4. The one who's never satisfied: Even if you come in under budget and overdeliver, this client just isn't happy with your work. He may have something in his mind that he just can't communicate to you, and when you don't deliver this idea that lives in his head, he's disappointed.
How to get out: Ask the client to clearly describe or sketch out what he's looking for, or even send you an example. He may want a product that looks like his friend's, but he's afraid to say so. If you're already done with the project and you've done a great job, don't sweat it. Make it clear to the client, citing any agreements that you've made, that you conformed to the scope of the project and delivered exactly what he asked for. You don't want to have him bad-mouth you or stiff you on an invoice, so consider offering to do additional work on this project if he can be more clear with his desires. If he hires you for more projects after this one, you may want to tell him that your business has gone in a different direction.
5. The client who wants you to be something you're not: Some clients have a clear idea in their heads of what they'd like to see from your work. Often, this is good news, but if their specifics don't line up with the way you like to operate, you may end up butting heads.
How to get out: To reason with this client, you can explain why you prefer to do things the way you do. After all, you're the expert. If he simply doesn't understand or refuses to accept your methods, it's time to cut ties. Explain to him the problems that his requests create for you and let him down easy. If you can, refer him to a colleague or competitor that you know can deliver what he wants. A referral is key, because you don't want him to be unsatisfied and claim that you can't do your job.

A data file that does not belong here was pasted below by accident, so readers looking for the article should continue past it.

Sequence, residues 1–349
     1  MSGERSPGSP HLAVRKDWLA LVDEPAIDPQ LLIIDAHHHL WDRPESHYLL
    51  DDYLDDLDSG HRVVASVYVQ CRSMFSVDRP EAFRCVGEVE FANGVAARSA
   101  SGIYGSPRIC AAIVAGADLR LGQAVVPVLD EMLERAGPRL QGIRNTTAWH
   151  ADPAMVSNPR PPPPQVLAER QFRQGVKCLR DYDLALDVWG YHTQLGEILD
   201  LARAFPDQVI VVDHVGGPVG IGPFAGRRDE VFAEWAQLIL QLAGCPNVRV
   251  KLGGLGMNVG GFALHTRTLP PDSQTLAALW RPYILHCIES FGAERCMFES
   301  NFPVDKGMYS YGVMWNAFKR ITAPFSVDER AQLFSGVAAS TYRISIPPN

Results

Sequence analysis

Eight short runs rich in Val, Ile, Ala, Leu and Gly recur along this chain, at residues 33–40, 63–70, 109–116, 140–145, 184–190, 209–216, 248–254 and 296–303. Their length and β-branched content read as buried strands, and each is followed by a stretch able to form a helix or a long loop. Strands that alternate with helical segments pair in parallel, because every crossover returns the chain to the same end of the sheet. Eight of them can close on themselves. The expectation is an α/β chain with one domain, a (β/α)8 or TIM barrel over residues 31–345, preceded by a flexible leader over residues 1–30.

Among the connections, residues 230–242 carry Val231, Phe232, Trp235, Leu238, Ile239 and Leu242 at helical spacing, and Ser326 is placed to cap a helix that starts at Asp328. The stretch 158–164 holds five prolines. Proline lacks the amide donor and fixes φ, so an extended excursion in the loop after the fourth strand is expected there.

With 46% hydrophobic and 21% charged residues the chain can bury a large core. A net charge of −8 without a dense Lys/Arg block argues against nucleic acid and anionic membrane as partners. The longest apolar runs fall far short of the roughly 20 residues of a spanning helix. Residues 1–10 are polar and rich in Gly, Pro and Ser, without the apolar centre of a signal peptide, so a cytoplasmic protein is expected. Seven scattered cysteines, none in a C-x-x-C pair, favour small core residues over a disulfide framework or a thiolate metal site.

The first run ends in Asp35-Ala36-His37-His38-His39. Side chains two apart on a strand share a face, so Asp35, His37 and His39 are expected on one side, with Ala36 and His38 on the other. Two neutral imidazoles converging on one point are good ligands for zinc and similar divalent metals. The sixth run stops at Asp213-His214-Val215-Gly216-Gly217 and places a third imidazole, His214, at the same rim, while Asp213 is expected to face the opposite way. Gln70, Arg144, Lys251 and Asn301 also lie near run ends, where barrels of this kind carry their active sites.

6. The one who expects you to deliver more for the same price: This client just doesn't understand the concept of an estimate. You've laid out what is to be done and agreed to a fair price, but at every step of the way, this client has "just one more little thing" to add that may seem like nothing to him but in reality takes a lot more time and effort than you originally agreed to.
How to get out: When faced with a client who nickel-and-dimes you with extra work, there's only one way to fight back: Nickel-and-dime him with invoices. Of course, let him know it's coming before you do it. Tell him that your two-hour support call today was free, but any ongoing extraneous work will be billed at your standard hourly rate. If he tries to send work to you in the future, tell him you're too busy and refer him to a competitor that you feel like torturing.
7. The know-it-all: The know-it-all thinks he understands how to do your job because last weekend, his cousin showed him the basics of the computer program you use. Of course, he doesn't realize that he needs your expert skills to use this tool to do the things he really wants to do. He'll tell you exactly what to do and how to do it, turning you into a production house instead of letting you do what you do best.